One of the biggest challenges for churches today is doing ministry that benefits the poor and the outcast and doesn’t just focus on those who attend. A consumeristic mindset has directed dollars to goods and services for members to consume, in many cases. Ministry to the poor and outcast can become little more than nearly empty gestures that sooth the conscience of attendees or practically non-existent as the needs of those who attend take precedence.
Before necessary changes can be made, we need to understand the priority of ministering to the poor. To gain that perspective, the first question we must ask is “How important was ministry to the poor and outcast to Jesus?” I’m glad you asked.
In Luke 4, Jesus comes into Nazareth after being tempted in the dessert. He enters his home synagogue and reads from Isaiah 60:1-2. Luke 4:16-21 tells it this way:
16 He came to Nazareth, where he had been brought up. As usual, he entered the synagogue on the Sabbath day and stood up to read. 17 The scroll of the prophet Isaiah was given to him, and unrolling the scroll, he found the place where it was written:
18 The Spirit of the Lord is on me, because he has anointed me to preach good news to the poor. He has sent me[k] to proclaim release[l] to the captives and recovery of sight to the blind, to set free the oppressed, 19 to proclaim the year of the Lord’s favor.[m]
20 He then rolled up the scroll, gave it back to the attendant, and sat down. And the eyes of everyone in the synagogue were fixed on him. 21 He began by saying to them, “Today as you listen, this Scripture has been fulfilled.”
This is huge. Jesus is announcing He is the Messiah and He chooses to do so by quoting a scripture that talks about how the poor, the outcast, the physically disabled, and the oppressed will receive ministry. Jesus shows the importance of ministry to those mentioned in this scripture by using it to announce He’s the Messiah.
Then in Luke 7, John the Baptist is in prison and probably realizes his time on earth is coming to an end. He sends his disciples to ask Jesus one simple question. “Are you the one who is to come or should we expect someone else?” Verses 21-23 record Jesus’ response:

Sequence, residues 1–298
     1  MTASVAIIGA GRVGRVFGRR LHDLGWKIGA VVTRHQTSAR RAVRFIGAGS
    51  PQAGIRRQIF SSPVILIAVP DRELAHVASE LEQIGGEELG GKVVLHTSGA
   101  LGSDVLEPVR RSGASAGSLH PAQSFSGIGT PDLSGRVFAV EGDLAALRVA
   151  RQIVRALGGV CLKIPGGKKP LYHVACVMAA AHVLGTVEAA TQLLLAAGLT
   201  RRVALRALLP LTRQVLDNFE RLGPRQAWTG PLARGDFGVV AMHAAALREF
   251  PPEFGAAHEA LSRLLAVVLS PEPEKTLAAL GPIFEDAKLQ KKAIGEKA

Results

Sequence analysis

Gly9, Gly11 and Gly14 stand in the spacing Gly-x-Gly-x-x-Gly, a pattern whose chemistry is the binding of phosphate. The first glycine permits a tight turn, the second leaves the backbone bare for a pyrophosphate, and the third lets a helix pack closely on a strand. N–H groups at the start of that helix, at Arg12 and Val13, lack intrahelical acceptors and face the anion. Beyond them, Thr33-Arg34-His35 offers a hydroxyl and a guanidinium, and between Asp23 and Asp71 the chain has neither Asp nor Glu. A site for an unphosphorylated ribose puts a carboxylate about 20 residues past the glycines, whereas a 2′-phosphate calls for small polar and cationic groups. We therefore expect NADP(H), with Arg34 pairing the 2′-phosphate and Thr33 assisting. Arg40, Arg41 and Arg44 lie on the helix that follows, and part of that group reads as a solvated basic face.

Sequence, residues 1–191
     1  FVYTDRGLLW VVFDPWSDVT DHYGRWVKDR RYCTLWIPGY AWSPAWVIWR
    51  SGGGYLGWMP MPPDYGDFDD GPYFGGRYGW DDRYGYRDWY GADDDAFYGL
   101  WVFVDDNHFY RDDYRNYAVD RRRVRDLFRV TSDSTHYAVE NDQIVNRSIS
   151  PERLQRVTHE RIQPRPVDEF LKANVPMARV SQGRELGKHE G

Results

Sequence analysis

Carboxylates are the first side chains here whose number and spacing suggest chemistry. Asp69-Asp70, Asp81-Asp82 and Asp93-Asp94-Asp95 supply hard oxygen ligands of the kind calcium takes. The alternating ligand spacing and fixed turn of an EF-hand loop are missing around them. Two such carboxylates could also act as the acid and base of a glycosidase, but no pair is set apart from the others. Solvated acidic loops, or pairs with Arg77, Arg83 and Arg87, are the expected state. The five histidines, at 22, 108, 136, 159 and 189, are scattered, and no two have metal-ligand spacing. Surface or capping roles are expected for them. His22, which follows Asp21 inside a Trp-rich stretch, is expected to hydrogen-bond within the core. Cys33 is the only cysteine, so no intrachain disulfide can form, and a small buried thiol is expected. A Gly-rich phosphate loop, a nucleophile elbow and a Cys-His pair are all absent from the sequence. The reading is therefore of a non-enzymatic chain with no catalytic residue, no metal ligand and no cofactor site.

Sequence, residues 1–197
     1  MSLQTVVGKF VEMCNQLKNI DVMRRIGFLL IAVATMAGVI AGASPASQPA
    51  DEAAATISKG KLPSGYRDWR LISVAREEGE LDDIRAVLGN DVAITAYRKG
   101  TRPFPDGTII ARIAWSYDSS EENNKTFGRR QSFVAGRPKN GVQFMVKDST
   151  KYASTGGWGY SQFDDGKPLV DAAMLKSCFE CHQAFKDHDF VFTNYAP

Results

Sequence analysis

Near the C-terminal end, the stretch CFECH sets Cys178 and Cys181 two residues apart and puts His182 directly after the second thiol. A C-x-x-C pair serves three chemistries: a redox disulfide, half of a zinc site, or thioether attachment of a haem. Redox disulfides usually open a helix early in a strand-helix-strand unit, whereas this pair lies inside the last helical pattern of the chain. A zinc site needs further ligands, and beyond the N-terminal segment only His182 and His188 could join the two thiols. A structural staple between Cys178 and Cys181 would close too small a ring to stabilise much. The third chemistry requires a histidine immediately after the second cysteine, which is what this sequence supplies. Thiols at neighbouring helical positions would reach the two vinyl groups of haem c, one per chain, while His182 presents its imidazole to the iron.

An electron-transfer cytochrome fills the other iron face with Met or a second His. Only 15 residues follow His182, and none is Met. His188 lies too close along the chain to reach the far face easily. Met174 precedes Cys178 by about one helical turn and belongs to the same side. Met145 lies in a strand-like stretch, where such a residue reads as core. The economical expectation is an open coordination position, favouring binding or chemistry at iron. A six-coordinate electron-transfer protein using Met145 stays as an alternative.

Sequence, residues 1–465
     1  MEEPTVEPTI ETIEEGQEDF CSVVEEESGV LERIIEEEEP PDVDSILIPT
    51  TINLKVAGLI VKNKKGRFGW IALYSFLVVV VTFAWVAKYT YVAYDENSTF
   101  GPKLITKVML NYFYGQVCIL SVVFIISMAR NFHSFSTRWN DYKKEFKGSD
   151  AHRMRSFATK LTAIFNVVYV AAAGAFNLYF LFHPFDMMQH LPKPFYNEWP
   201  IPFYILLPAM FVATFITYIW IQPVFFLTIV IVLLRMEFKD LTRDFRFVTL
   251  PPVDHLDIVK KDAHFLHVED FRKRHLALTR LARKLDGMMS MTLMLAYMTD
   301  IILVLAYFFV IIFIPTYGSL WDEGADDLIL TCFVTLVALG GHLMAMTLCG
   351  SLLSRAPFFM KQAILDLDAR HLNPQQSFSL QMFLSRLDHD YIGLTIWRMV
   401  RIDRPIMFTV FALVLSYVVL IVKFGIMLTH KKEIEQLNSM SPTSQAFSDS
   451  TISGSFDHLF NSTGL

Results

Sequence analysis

21 At that time Jesus healed many people of diseases, afflictions, and evil spirits, and he granted sight to many blind people. 22 He replied to them, “Go and report to John what you have seen and heard: The blind receive their sight, the lame walk, those with leprosy[d] are cleansed, the deaf hear, the dead are raised, and the poor are told the good news, 23 and blessed is the one who isn’t offended by me.”
So in Luke 4, Jesus announces He is the Messiah by telling us how about the ministry the poor and outcast will receive and then in Luke 7, He confirms He is the Messiah by telling us the poor and outcast are receiving ministry. So both announcing and confirming He is Messiah revolve around ministry the less fortunate.
In Matthew 25:31-46, Jesus gives His sole description of the judgment day. The entirety of the judgment described revolve around how we treated the poor and outcast. To those who enter the kingdom, Jesus says this:
35 “‘For I was hungry and you gave me something to eat; I was thirsty and you gave me something to drink; I was a stranger and you took me in; 36 I was naked and you clothed me; I was sick and you took care of me; I was in prison and you visited me.’ 7 “Then the righteous will answer him, ‘Lord, when did we see you hungry and feed you, or thirsty and give you something to drink? 38 When did we see you a stranger and take you in, or without clothes and clothe you? 39 When did we see you sick, or in prison, and visit you?’
40 “And the King will answer them, ‘Truly I tell you, whatever you did for one of the least of these brothers and sisters of mine, you did for me.’
So Jesus’ announcement as Messiah, confirmation as Messiah, and sole description of the judgment day all revolve around how the poor and outcast receive ministry. If we truly considered this, how would it change the ministry we do today? How different would our church services, service projects, and mission work in general look? If you’re like me, you’re not totally sure but know it would most likely be much different than we have today. I know it’s a challenge leading my church into such ministry and I’m sure it’s a challenge for yours. That’s one of the reasons Mission Amarillo exists.
Mission Amarillo is an instrument the church can use to minister to the less fortunate in our community. We desire to be used by God’s church and His followers in the business community to have an impact, both short and long term, on those who find themselves in the midst of poverty and the painful consequences it can cause. We recognize the priority Jesus put on ministry to the poor and outcast and want to fulfill His calling to love them in His name.
If you, your church, business, or civic organization would like to know how you can plug into Mission Amarillo and make a difference in the lives of the less fortunate, contact us at (806) 553-0408 or email firstname.lastname@example.org.
If what we do here doesn’t resonate with you, I’d encourage you to check out Mission 2540, Square Mile Industries, and several other non-profits in our area. There is opportunity to have long lasting impact on the less fortunate in our community. We just need to realize the priority Jesus places on such ministry and respond appropriately.